A wrapup of new fiction for the New York Times.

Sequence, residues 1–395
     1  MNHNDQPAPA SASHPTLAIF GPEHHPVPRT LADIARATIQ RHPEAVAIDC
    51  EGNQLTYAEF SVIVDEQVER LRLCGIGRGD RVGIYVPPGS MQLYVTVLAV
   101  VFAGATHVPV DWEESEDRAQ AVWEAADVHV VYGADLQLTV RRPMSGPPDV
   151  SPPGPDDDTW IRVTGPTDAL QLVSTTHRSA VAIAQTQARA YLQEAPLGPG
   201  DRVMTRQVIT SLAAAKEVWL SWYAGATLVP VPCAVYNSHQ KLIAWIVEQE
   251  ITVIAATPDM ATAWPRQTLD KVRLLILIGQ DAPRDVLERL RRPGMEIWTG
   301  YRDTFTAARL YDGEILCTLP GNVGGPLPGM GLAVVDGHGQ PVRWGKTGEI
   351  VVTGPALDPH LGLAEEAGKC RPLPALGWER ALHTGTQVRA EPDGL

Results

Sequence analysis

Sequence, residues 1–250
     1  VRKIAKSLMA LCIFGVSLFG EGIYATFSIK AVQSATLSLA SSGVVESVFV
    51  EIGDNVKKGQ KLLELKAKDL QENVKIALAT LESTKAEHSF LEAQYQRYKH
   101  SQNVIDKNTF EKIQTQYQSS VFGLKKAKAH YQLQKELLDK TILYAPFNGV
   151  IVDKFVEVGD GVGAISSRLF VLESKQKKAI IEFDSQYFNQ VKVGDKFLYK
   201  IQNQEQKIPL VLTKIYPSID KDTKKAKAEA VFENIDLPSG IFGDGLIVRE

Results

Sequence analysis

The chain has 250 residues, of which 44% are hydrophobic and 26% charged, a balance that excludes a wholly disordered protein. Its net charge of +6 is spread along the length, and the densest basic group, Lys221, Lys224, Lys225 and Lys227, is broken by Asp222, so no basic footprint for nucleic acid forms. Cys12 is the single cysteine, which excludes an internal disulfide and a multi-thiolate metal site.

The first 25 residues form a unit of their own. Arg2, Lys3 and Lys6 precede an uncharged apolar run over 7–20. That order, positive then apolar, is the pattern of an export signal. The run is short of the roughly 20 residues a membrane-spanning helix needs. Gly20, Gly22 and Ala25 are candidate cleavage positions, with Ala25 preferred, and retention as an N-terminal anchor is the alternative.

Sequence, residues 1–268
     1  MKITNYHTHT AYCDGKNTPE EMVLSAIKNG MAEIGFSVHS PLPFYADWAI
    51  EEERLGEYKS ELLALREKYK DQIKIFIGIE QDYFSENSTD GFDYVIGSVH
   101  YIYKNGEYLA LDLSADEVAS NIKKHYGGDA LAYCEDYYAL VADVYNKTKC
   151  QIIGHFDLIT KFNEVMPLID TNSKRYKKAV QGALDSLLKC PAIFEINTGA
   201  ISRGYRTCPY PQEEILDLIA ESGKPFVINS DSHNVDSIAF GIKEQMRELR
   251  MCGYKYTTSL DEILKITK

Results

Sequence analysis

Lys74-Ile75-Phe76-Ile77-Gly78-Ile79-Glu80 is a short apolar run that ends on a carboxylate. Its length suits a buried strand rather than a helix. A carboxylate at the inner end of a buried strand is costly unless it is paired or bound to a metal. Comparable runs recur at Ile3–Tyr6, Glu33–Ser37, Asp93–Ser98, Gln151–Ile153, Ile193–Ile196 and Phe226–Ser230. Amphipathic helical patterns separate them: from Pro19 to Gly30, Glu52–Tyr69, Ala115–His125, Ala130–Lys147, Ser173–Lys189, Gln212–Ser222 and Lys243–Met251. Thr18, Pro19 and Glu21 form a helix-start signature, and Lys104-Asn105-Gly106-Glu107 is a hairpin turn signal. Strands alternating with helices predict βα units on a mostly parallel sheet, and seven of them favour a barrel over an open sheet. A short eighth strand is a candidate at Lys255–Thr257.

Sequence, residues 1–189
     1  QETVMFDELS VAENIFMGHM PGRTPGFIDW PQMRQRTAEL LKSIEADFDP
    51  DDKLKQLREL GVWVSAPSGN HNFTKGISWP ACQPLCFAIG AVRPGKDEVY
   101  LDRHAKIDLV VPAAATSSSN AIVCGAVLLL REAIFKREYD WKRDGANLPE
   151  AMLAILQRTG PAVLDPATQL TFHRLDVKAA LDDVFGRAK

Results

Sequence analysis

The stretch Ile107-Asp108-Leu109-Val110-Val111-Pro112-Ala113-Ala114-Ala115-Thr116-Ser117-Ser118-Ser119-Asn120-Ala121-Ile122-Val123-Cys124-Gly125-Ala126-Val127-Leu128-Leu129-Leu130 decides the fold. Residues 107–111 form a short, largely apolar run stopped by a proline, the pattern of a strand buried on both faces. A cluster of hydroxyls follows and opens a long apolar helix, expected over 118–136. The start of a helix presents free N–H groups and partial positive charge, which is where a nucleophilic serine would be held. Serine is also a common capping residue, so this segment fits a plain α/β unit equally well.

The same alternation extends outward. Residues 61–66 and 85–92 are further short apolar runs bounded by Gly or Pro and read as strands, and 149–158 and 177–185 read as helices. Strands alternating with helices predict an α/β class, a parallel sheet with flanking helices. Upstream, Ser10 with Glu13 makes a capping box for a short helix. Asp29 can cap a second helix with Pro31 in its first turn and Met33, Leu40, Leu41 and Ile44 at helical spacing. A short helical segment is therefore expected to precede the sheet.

SACCO AND VANZETTI MUST DIE! By Mark Binelli. (Dalkey Archive Press, paper, $14.95.) The premise of Binelli’s first novel is unabashedly kooky. What if Nicola Sacco and Bartolomeo Vanzetti, the anarchist duo whose execution in 1927 was a catalyst for leftist rage, were actually a slapstick comedy team? This notion may seem arbitrary, even trivializing, but it sets the stage for a sweeping narrative encompassing everything from the struggles of Italian-American immigrants to the social dynamics of pie fights. “Of course a respectable gentleman did not walk into a party . . . with the objective of setting off a pie fight,” Sacco muses. His own “problem, or gift, depending on your perspective, was his realization that everyone possesses some potential for mutiny, however buried.” Jumping around in time, Binelli uses imaginary archival documents — film magazine interviews, journal entries and other texts — to depict two comedians, one fat and one thin, who do their time on the vaudeville circuit before graduating to Hollywood vehicles like “Ventriloquism and Its Discontents” and the pie-fight classic “Sacco and Vanzetti Dessert the Cause.” For all their onscreen wackiness, in real life the comedians are habitually stonefaced, as when their neighbor appears at their door inexplicably sporting a beard of bees. “I see you’ve got a beard of bees coming along there, huh? What’s your story?” Sacco asks. “There’s really no need for elaboration,” Vanzetti adds. “It’s clearly difficult for you to speak at the moment, we can tell.” Though Binelli effortlessly captures his characters’ competing voices, his thematic connections are often haphazard, and his story doesn’t end so much as peter to a halt. But its joyful nostalgia, pinpoint characterizations and postmodern brio more than make up for a weak second reel.